Extensive web of testicular veins leaving testis that wrap around incoming testicular artery in spermatic cord; act as countercurrent heat exchanger; as testicular artery bring blood that's warmer than venous blood, that heat transfers to testicular veins

Pampiniform plexus

242

What's the most common type of hernia?

Inguinal

243

Through inguinal canal (deep ring); 2/3 of hernias

Indirect inguinal hernia

244

Medial part of inguinal canal through weakness in wall; includes peritoneal sac with intestine or fat; 1/3 of hernias

Direct inguinal hernia

245

Which type of hernia is often acquired, and what population is it more common in?

Direct - older men (hasselbach's triangle)

246

Which type of hernia is much more frequent in both males & females?

Indirect

247

How long is the ductus (vas) deferens?

18" - the spinal cord!

248

Where do the ductus (vas) deferens start, and where do they travel from there (until the end)?

Tail of epididymis - ascends in spermatic cord thru inguinal canal - crosses external iliac vessels - crosses ureter - forms ejaculatory duct w/duct of seminal vesicle - opens to prostatic urethra

249

What do the ductus deferens join with to form the ejaculatory duct?

Ducts of seminal vesicles

250

For someone who's had a vasectomy, what fluid comprises the ejaculate?

Fluid from seminal vesicles, prostate, & bulbourethral glands (no sperm)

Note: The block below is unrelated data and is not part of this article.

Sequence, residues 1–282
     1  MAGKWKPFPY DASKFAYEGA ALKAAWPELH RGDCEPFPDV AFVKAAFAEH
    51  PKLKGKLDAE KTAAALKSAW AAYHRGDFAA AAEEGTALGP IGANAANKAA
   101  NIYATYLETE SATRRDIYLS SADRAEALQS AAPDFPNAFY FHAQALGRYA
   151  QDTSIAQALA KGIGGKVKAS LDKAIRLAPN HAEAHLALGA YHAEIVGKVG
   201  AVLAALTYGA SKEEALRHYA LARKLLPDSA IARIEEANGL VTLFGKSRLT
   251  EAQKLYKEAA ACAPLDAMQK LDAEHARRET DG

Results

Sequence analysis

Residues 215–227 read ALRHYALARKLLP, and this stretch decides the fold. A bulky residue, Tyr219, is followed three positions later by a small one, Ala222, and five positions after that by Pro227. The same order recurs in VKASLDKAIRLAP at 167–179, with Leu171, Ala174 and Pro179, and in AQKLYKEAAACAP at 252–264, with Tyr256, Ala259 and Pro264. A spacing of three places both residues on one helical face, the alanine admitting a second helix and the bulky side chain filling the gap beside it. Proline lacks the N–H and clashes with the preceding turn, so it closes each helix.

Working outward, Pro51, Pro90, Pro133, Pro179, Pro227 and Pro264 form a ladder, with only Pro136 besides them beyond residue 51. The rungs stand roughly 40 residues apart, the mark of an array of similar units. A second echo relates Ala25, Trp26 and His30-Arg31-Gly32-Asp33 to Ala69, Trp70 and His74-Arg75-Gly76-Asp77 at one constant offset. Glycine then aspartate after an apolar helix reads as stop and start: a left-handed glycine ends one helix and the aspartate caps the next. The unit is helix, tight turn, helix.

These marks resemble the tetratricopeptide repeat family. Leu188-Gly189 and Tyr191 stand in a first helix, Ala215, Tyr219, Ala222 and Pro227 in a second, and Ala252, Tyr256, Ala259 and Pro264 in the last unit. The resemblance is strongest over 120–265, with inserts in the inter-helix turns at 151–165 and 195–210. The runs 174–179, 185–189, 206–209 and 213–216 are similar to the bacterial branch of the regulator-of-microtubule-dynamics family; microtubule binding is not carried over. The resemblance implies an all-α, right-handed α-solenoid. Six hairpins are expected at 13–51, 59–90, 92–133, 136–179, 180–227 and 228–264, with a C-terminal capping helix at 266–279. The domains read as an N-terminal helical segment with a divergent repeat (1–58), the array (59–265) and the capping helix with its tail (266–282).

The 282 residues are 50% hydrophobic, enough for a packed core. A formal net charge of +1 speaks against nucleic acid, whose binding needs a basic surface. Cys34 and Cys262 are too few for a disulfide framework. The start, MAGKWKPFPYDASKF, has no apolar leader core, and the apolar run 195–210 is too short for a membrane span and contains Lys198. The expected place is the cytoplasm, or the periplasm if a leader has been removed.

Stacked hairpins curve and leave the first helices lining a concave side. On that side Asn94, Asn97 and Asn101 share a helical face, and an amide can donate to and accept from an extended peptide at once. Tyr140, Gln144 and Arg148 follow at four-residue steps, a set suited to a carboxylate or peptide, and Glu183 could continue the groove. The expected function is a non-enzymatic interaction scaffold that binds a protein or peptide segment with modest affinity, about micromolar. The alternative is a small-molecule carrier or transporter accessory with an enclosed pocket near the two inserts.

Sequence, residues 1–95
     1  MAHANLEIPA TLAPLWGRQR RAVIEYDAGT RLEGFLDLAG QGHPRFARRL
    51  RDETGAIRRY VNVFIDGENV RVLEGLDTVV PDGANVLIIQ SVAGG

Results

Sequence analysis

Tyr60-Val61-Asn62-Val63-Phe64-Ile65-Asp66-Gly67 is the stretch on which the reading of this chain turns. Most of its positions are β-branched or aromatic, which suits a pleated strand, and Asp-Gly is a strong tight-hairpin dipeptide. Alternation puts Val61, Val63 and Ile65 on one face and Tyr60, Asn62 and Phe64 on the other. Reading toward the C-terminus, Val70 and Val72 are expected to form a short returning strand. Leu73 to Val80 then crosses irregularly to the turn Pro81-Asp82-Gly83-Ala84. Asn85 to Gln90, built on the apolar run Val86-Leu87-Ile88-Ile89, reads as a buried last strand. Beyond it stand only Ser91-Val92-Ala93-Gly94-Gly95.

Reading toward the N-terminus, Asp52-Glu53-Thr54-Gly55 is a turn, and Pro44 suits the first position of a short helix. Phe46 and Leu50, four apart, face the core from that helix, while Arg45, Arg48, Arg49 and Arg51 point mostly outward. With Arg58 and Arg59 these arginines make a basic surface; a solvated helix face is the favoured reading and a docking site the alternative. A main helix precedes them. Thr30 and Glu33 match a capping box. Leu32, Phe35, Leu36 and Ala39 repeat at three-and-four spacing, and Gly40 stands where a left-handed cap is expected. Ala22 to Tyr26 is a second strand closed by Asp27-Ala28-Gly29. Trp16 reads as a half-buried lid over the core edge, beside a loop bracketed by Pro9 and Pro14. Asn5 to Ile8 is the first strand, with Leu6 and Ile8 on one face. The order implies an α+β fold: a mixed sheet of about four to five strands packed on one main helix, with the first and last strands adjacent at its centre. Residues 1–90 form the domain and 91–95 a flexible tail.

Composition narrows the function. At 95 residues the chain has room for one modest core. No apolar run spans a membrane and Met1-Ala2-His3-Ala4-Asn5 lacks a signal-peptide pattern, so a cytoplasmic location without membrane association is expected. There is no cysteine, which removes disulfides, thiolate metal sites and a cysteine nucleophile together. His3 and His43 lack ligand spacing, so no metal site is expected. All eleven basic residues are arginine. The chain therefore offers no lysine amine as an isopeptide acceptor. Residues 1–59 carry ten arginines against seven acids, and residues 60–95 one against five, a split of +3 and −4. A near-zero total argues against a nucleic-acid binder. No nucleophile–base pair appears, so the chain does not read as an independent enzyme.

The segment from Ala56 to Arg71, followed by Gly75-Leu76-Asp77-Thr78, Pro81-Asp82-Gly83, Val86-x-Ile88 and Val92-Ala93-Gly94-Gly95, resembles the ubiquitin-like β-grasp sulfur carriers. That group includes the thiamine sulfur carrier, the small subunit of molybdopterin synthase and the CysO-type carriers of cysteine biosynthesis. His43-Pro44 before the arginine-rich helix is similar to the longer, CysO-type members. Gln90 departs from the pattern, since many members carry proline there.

251

Accessory glands that joins ductus deferens to form ejaculatory duct

Seminal vesicles

252

Produces alkaline fluid w/fructose as an energy source for sperm; 70% of ejaculate volume

Seminal vesicles

253

Know the following locations on the picture on reverse side (listed in order of flow):

-Ampulla of ductus deferens
-Seminal vesicle
-Prostate
-Prostatic urethra
-Membranous urethra
-Spongy urethra

card image

-Ampulla is tube portion beside seminal vesicle (looks like leaf)
-Prostate is chestnut shaped gland below bladder
-Prostatic urethra is portion inside of prostate
-Membraneous urethra is between prostatic & penile spongy tissue (spongy urethra)

254

What is the connection of reproductive & urinary tracts in men?

Prostate

255

What's important in relation to the drainage of the prostate for disease determination?

Metastasis of prostate cancer

256

This gland produces thin milky fluid; 30% of semen

Prostate

257

Prostatic zones:

Which zone is r/t BPH?

Transitional zone (TZ)

258

Prostatic zones:

Which zone is r/t cancer?

Peripheral zone (PZ)

259

2nd most common cancer in men

Prostate cancer

260

Where does prostatic cancer metastasize to?

Pelvic lymph nodes (internal iliac/sacral) - then rest of body

261

Foreskin of the penis

Prepuce

262

Expanded end of penis w/urethral opening

Glans

263

Muscles of penile root; attached to ischipubic rami

card image

Crura (crus of penis)

264

Is body of penis attached to anything? If, so, what is it?

No attachment - free hanging

265

Arteries responsible for either leaking to cause erection of penis or not leaking & communicating directly w/draining veins when penis is flaccid

Helicine arteries

266

A couple of bacterial STD's which may present w/no symptoms

Gonorrhea, chlamydia

267

What's the risk of untreated STD's in women? Men?

Women: PID - infertility
Men: Infertility

*Especially chlamydia & gonorrhea

268

2 most common STD's

Chlamydia & gonorrhea

269

Trace route of sperm from testes to exiting urethra via glans penis

Epididymis - ductus (vas) deferens - ejaculatory duct - urethra (3 sections)

270

What 2 glands input approximately 90% of seminal fluid?

Seminal vesicles (60%) & prostate (30%)

271

What must happen to a sperm in order for it to fertilize an egg?

It must be capacitated (membrane alteration)

272

Term referring to fertilized egg being transported to the uterine cavity

Blastocyst